How I Became an International Fugitive for Love
by Mark D. Diehl
This title was previously available on NetGalley and is now archived.
Pub Date 07 Oct 2019 | Archive Date 31 Dec 2019
I showed up in South Korea with $20 and a dubious offer to teach English. Jennifer was the wickedly smart, fiercely independent second daughter of one of Korea's most influential families. We fell in love in a country where even sitting together brought angry stares, taunts, and threats. Our employer forbade us from seeing each other, but we continued in secret. Eventually, her family became suspicious and had her followed. Their efforts to separate us in the days after that were relentless and violent. We were forced to abandon everything and flee to Hong Kong, where our situation only became more dire.
An engrossing, poignant, and often disturbing adventure; loaded with historical and cultural details about the Korean Peninsula.
In 1993, 23-year-old University of Iowa graduate Diehl (The Book of Wanda, 2018, etc.) accepted a position at SNM Academy in Taegu (now known as Daegu), South Korea, teaching English to adults. SNM had nine levels of classes, 101 through 109. There was also a Junior Academy for younger students. At the junior school, the author met Jennifer, a beautiful, young Korean woman who captured his heart. She was a Taegu native teaching English there. Their relationship—first one of friendship, then love—broke Korean social norms and put them in great danger. She was the middle child and, worse, the second daughter of a wealthy, professional family. “I was a disappointment to them the day I was born,” she told Diehl. Within the family, her needs were subservient to those of her older sister and younger brother. Combining the drama and excitement of a novel with some sociological commentary, the author offers both a tender love story and an eye-opening depiction of Korean values, restrictions, and strengths in the early ’90s. As a white man, he was viewed with suspicion, which turned into outright hostility whenever he was seen walking or dining with Jennifer. Through re-creations of classroom dialogue with his most advanced students, the 109s, Diehl deftly highlights various aspects of Korean social stratification. One student explained: “Men are different. To men, most important is respect. Way to get respect is to be a manager. When every man is manager and every woman is mother, then everyone is happy.” After Jennifer’s parents discovered she was dating an American, threatening to disgrace the family, they beat her mercilessly. Here the narrative turns from being intriguing and at times lighthearted to gripping, as under the cover of darkness and with contrived documentation, the couple fled to Hong Kong and later the United States.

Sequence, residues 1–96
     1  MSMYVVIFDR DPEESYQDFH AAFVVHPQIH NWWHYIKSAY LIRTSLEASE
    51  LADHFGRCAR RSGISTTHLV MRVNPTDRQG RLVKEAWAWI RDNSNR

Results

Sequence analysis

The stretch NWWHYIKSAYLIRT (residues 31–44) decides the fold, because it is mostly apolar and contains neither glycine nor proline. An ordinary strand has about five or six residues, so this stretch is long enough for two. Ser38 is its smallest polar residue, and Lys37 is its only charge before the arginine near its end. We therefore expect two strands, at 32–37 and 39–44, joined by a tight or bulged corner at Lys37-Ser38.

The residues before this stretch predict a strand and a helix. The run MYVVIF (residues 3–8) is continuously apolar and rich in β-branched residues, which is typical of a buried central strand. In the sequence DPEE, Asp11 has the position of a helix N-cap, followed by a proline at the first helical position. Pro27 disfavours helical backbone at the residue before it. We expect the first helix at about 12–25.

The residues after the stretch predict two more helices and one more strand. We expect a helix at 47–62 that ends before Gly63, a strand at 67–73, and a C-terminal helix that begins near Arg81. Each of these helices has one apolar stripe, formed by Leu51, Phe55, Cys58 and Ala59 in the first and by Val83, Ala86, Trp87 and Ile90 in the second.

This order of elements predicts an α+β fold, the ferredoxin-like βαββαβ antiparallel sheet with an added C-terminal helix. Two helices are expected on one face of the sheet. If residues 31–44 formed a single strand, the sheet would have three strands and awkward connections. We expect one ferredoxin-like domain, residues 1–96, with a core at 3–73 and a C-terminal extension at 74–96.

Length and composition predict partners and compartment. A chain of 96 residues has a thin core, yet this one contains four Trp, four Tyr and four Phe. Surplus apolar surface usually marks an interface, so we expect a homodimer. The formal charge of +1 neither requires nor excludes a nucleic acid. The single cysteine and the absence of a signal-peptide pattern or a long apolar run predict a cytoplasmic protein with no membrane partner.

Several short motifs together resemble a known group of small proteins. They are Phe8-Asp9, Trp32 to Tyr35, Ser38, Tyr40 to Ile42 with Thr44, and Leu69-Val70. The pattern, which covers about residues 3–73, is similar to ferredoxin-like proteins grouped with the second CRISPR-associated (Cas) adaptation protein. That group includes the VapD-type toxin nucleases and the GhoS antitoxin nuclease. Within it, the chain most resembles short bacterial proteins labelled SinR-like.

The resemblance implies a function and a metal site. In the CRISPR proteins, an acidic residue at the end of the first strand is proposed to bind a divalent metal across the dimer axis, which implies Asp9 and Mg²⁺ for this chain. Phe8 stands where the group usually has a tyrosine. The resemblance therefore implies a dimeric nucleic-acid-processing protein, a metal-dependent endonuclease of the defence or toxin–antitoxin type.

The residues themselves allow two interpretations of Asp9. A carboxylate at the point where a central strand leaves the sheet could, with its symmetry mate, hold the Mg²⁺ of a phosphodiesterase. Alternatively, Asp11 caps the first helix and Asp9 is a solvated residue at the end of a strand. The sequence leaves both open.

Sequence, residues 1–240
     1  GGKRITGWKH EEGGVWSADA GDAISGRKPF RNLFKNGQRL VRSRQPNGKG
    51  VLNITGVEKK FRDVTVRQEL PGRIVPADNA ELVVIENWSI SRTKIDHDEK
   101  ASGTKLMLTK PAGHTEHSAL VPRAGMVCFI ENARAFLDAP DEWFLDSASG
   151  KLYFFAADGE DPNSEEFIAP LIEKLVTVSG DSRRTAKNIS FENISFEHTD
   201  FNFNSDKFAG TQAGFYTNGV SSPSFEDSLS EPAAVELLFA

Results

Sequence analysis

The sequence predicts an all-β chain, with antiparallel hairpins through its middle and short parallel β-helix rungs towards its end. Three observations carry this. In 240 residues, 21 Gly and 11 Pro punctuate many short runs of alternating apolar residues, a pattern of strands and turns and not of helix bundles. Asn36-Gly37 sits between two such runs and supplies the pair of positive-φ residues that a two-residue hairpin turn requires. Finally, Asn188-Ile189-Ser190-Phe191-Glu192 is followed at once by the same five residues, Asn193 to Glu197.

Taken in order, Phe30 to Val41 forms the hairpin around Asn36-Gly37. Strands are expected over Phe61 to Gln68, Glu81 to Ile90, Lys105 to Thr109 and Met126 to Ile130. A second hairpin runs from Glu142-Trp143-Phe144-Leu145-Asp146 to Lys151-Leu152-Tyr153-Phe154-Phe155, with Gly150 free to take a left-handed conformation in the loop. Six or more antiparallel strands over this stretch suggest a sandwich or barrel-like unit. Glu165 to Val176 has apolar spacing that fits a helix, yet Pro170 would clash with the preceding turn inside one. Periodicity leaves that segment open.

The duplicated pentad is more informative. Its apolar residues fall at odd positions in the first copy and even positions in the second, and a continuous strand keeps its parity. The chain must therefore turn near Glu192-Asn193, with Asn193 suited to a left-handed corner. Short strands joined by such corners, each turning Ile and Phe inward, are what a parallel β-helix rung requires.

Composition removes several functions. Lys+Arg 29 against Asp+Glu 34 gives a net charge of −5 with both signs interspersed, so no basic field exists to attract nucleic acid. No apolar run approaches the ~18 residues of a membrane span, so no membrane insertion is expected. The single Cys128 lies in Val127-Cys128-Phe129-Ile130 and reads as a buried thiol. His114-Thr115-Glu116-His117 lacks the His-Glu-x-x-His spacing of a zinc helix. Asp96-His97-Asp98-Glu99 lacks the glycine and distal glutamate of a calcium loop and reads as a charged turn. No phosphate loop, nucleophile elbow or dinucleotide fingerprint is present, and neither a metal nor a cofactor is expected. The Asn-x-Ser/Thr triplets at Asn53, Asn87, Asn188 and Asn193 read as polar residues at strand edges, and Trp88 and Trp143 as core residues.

Available on NetGalley
Average rating from 12 members
I enjoyed reading this book, mostly I enjoyed the setting South Korea, a place where not many books are set. Just because of this the book became fascinating to me. It is a true story and there is an innocence to it. The year was 1993, so still a time I feel I could relate to. Mark an impoverished graduate from the US arrived in South Korea to teach English. At the school he worked in, he meet and fell in love with a local girl but this is no ordinary love story and there is nothing mushy about it. For anyone who likes to read about relationships and social norms in a place that we don't know a lot about, this book is an eye opener and is at times both moving and gripping. I would love to hear more about what happened after the conclusion of the book, although there is a resume at the end.
I loved “Stealing Cinderella!” It is the true story of how two kindred spirits from different sides of the globe met and realized they were meant for each other, but the society decided to try and break them up. It’s passionate and violent, and even somewhat crazy. I liked the way Diehl informed us about Korean culture by using examples from his English classes and lunchtime conversations with his colleagues – we learn about it as he does. It let me see the kind of restrictive society that exists there and how ingrained the rules are in the people's everyday lives. We learned a lot about Jennifer’s upbringing, and his, as well, by conversations they would have over lunch. This is not a head-over-heals, heart-pounding romance of fiction, but a true story about how much these two have in common even though they are from such different worlds. I see him as her knight in shining armor, though on a black bike instead of a white horse. It's not a spoiler to say that they encounter opposition throughout and only through cunning is he able to “Steal Cinderella.” Lots of memoirs teach us new things and show us interesting people in difficult situations, but none have ever gotten my pulse pounding the way this one did. It’s a fantastic read (but a true story!) and I can’t recommend it strongly enough.
Thank you to Netgalley and the publishers for the chance to read this. This book was a wonderful insight into the Korean culture. Mark Dielh went to South Korea to teach English classes. There he met and fell in love with a second daughter from a wealthy family. (Which is absolutely forbidden.) Through the class discussions and the difficulties with seeing one another we learn how strict the culture can be. Eventually they flee the country for their love. In part an informative book this is also a sweet romance. I enjoyed the slow immersion into Korean lifestyle, the writing and tone allows the reader to learn without feeling like your reading a textbook.